factors, whose functions in megakaryocytes and polyploidiza-
tion have not been described, included several members of the
MAP kinase pathway, the CAM kinase family, and AURKA.
We confirmed the polyploidy-inducing effects of inhibition or
knockdown of a subset of kinases. First, small-molecule inhibi-
tors of JAK3, PLK1, CDK1, and CDK2 induced polyploidization
of CMK cells (Figure 7B). Second, knockdown of AURKB was
observed to cause a robust increase in the extent of polyploid-
ization of megakaryocytes (Figure 7C). Third, although knock-
down of RPS6KA4 or MYLK2 did not induce polyploidy on its
own, reduced expression of these kinases sensitized CMK cells
to diMF treatment (Figure 7D). Finally, analysis of the ploidy state
of megakaryocytes derived from Rock1 null mice and their wild-
type littermates demonstrated that loss of Rock1 leads to
increased polyploidization in vivo (Figure 7E). Together, these
data reveal that the protein network constructed based on our
proteomic and genomic studies can serve as road map for
further studies of function of genes in megakaryocyte polyploid-
In general, cell-based, phenotypic approaches for initial
discovery of novel probes provide a rich data set, but efforts to
determine how these leads might be exploited for therapy are
often complicated by uncertainty regarding the cellular target.
This problem is clearly evident in the case of diMF, which is
a broad kinase inhibitor. Each of the individual approaches
used in this study to target identification identified a large
number of possible targets that might not have warranted
follow-up given only one line of evidence. We show that the
ability to integrate approaches and organize the disparate data
types in a disciplined and rigorous manner led to testable
hypotheses and not only identified the physiologically relevant
target of diMF but also a potential therapeutic target for AMKL.
Moreover, network analysis of these data suggests a compre-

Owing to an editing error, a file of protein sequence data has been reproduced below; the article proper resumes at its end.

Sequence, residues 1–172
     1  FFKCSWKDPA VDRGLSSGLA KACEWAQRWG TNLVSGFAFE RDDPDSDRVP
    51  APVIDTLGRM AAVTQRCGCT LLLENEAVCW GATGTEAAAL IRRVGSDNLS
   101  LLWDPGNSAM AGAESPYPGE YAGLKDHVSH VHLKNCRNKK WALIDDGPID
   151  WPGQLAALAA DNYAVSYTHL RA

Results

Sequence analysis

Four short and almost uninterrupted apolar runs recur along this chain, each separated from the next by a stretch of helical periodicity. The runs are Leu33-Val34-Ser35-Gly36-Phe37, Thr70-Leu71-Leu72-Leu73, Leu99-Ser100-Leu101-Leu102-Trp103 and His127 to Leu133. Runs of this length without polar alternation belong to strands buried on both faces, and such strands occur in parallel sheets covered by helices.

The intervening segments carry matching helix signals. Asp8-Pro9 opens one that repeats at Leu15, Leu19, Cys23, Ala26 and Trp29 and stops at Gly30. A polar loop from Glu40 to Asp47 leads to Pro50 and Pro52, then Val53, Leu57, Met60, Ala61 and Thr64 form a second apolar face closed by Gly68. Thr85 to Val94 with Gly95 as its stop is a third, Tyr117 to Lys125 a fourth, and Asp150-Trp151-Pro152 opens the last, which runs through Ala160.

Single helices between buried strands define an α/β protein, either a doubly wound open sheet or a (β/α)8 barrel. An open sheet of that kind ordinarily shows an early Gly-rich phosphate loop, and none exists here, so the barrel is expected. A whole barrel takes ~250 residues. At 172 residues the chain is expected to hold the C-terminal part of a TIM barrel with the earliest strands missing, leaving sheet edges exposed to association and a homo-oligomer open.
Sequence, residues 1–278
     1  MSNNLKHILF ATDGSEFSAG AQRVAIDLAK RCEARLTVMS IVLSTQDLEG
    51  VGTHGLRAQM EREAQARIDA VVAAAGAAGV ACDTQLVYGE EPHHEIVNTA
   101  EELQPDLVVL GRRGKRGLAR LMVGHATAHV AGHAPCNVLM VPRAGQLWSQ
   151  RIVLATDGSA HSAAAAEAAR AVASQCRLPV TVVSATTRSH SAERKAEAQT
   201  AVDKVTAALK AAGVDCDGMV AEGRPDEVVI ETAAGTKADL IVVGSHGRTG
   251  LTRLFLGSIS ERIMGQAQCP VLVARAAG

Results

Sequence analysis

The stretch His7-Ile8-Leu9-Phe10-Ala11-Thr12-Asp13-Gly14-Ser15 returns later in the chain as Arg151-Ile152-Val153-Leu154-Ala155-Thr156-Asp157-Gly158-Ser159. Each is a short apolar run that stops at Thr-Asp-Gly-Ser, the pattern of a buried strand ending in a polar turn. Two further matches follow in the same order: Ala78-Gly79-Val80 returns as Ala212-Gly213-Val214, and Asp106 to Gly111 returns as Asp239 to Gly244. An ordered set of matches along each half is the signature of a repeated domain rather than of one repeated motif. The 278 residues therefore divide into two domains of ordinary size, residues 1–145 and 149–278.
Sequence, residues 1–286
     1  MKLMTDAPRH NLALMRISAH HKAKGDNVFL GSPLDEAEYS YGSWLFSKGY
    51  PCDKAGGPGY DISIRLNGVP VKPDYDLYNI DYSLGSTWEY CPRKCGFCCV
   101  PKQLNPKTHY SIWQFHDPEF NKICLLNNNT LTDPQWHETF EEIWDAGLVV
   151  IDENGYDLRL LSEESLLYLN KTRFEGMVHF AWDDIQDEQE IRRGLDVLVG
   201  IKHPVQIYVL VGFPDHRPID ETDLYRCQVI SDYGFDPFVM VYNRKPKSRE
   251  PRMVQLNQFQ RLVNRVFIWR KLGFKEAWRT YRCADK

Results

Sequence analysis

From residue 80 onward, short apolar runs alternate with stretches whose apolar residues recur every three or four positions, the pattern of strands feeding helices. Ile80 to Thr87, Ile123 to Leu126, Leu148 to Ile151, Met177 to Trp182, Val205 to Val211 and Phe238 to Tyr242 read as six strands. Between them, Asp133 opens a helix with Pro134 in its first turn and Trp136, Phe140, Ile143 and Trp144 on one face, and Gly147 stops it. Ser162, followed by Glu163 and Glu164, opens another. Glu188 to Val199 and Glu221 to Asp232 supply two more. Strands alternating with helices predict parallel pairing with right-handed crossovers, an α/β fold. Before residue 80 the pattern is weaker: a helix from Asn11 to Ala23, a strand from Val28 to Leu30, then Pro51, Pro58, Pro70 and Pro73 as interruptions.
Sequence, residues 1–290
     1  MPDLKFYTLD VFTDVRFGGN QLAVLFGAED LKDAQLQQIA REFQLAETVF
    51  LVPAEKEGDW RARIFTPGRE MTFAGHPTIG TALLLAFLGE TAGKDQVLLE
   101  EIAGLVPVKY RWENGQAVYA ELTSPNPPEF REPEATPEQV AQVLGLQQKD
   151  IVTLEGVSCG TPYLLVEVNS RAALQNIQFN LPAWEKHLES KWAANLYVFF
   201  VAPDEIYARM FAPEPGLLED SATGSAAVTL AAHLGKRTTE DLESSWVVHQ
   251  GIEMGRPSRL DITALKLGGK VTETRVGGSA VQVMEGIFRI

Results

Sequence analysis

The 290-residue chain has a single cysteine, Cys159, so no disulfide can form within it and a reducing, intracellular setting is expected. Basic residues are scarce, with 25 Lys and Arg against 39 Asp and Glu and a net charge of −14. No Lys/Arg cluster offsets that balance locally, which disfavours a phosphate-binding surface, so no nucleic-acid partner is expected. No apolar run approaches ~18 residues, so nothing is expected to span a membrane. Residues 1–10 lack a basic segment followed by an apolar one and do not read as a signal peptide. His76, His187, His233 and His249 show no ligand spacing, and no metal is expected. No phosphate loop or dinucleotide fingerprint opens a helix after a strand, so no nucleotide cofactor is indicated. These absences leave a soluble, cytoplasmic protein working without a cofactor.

hensive analysis of kinases that control the endomitotic process.
Small molecules that induce megakaryocyte polyploidization,
such as diMF, appear to be promising therapeutic agents for
AMKL for multiple reasons. First, because diMF targets poly-
ploidization, a normal element of megakaryocyte differentiation
and maturation, we predict that it would be active against all
we show that diMF inhibits proliferation and induces polyploid-
ization and upregulation of megakaryocyte markers of cells
with GATA1, and MPL mutations as well as cells harboring +21
orthe (1;22) translocation. However, diMFdidnotinduce platelet
production of GATA1, mutant cells. This finding suggests that
diMF cannot overcome all of the requirements for key develop-
mentalregulators interminal differentiation. Asecond advantage
to the use of these compounds in AMKL is illustrated by the
ability of diMF and MLN8237 to block the growth of cells that
express the MPLW515L-activating allele associated with human
myeloproliferative disorders. Thus, we predict that polyploidiza-
tion therapy may also be useful for disorders, such as essential
thrombocytosis (ET) and primary myelofibrosis (PMF), that
involve hyperproliferation of megakaryocytes. The third benefit
lies in the propensity of megakaryocytes to become polyploid.
diMF and MLN8237 induced robust polyploidization of the
CD41+but not CD41?cells, reflecting the inherent susceptibility
of megakaryocytes to polyploidization-inducing agents.
A recent study has demonstrated that ROCK1 is required for
the survival and proliferation of leukemia blasts that harbor acti-
vated oncogenic forms of KIT, FLT3, and BCR-ABL (Mali et al.,
2011). Knockdown of ROCK1, or inhibition with diMF or fasudil,
restricted the growth of these leukemia cells both in vivo and
in vitro. It is interesting to note that diMF thus shows activity
against multiple forms of AML through distinct targets: ROCK1
in nonmegakaryocytic AML blasts that bear activated KIT,
FLT3, or BCR-ABL, and AURKA in megakaryocytic AML. The
lack of activity of fasudil in AMKL provides further evidence